How the RaDonda Vaught case threatens patient safety.
Diana Campion, a nurse practitioner who lives in Florida, recently contemplated going back to bedside nursing part-time. Doing so would require refreshing a skill set she hadn’t used for a few years — titrating intravenous drips and performing other complex nursing tasks involved in managing sick, complicated patients. Given the soaring demand for nurses, it initially seemed worthwhile.
But after hearing about the highly publicized verdict handed down in the case of RaDonda Vaught, a Nashville nurse whose medication error led to the death of a 75-year-old woman, as well as verdicts in several other recent criminal cases against nurses who made medical errors, Campion decided against it.
To her, the verdicts communicated that when nurses make mistakes, their careers can be destroyed. “If there is a fatal error, it’s the nurse that will stand alone,” Campion said. “It’s not worth it.”
American health care systems are encouraged to strive for a “culture of safety,” which frames accountability as something to be shared by individuals and institutions. But in reality, both health care facilities and the law sometimes treat medication errors as individual failures rather than systemic ones. When that happens, it’s nurses who often take the blame for institutional problems.
“Nurses especially are the low-hanging fruit,” said Edie Brous, a nurse and attorney in East Stroudsburg, Pennsylvania, who has experience representing healthcare professionals before regulatory agencies and licensing boards and has written about criminalizing medical errors. Many people are involved in medical treatment —including doctors and pharmacists — but nurses often take the fall because they ultimately administered the drug, she said.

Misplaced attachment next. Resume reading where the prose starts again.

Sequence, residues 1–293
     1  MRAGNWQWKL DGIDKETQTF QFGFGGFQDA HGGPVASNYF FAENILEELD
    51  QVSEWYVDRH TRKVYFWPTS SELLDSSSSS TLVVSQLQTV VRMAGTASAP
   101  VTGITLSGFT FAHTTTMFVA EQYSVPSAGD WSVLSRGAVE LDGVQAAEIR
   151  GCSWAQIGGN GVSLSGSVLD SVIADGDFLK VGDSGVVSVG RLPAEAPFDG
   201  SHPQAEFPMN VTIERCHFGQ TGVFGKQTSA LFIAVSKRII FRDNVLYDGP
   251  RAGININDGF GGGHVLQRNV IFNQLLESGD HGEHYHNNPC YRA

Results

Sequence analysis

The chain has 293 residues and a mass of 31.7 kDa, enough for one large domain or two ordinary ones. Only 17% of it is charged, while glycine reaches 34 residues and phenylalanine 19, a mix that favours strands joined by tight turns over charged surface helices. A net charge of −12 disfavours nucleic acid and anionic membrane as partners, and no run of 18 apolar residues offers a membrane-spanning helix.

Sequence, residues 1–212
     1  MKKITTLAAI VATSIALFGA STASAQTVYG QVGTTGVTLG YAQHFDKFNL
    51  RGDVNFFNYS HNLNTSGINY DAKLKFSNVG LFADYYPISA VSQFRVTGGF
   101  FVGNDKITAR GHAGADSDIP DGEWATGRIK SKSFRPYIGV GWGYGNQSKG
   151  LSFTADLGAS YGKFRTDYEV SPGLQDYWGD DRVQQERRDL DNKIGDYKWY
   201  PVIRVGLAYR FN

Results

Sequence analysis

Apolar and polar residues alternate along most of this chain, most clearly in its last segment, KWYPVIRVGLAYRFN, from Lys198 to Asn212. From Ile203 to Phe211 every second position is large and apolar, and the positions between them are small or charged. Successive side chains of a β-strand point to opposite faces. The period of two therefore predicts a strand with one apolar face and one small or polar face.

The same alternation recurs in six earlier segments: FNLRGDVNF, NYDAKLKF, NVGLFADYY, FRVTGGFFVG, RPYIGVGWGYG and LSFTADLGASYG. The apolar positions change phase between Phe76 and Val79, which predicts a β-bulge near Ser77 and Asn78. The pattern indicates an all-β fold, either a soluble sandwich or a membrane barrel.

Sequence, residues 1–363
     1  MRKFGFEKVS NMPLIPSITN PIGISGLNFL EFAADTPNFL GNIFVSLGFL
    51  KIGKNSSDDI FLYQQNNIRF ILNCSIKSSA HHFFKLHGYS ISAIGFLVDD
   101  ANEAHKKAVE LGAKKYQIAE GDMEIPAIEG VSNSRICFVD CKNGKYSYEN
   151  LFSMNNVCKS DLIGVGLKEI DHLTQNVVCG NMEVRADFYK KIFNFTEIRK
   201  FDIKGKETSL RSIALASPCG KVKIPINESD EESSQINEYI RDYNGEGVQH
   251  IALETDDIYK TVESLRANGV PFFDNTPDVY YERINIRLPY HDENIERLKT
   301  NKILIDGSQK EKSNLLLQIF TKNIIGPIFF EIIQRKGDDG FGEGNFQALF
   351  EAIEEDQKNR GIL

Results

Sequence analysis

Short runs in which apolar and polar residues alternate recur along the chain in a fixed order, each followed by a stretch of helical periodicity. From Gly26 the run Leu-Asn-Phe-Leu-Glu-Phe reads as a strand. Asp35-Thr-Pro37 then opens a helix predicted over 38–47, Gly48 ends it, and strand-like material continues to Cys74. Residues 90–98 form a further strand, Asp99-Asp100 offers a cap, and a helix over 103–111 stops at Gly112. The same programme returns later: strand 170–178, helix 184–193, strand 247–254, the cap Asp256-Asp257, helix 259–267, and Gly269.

Vaught’s verdict is unusual in that it happened at all. Nurses typically aren’t charged with crimes for medical errors. More typically, medical errors are addressed through licensure boards and occasionally in civil lawsuits.
Additionally, the verdict comes when America’s nurses are in a particularly tough spot. The pandemic has led to staffing shortages that have left many in the profession frightened and burned out. “Nurses are fried,” said Brous.
At a time of enormous strain for the profession, Vaught’s case threatens to undermine patient safety by blaming nurses for problems that are hospitals’ to fix. The alienation that results not only reduces the likelihood nurses will help improve the systems in which they work, but also risks driving essential workers away from the profession.
Already, nurses like Campion have determined that the benefits of working at the bedside are not worth the risk. If more follow in her steps, hospitals could get less safe for providers and patients.
Vaught’s lethal error, explained
On the day after Christmas in 2017, RaDonda Vaught was working a shift as a “help all” nurse in the neurologic intensive care unit at Vanderbilt University Medical Center. “Help all” is what it sounds like: The job involved multitasking, helping with nursing needs across the unit as they arose in real time. But that wasn’t all — Vaught was also orienting a new employee during her shift.
At the time, Vaught had been a nurse for a little over two years. She had no violations on her record.
She was asked to administer Versed, a sedative, to a patient named Charlene Murphey. When Vaught couldn’t find the medication in one of the hospital’s electronic prescribing cabinets, she manually overrode the machine’s system to get it, a fairly common practice in that hospital at that time due to a persistent software problem. However, instead of taking Versed out of the cabinet, Vaught accidentally obtained and administered vecuronium, a powerful paralytic.
Murphey died the following day as a result of the error. Vanderbilt fired Vaught but did not report the medical error to state or federal regulators as it was required to do. Eventually, the hospital settled a civil lawsuit out of court with Murphey’s family.
In late 2018, an anonymous tip alerted the Centers for Medicare and Medicaid Services and the Tennessee Department of Health to Vaught’s unreported medical error. The Tennessee Bureau of Investigation found multiple instances of wrongdoing and coverups on the hospital’s part. According to later testimony of a Tennessee Bureau of Investigation (TBI) agent, Vanderbilt bore a “heavy burden of responsibility” in Murphey’s death. However, the health department did not punish the hospital; it only punished Vaught, ultimately revoking her nursing license.
But the most surprising part of Vaught’s story is what happened next. After an investigation, the Nashville District Attorney’s office indicted her in 2019 on two criminal charges: reckless homicide and impaired adult abuse.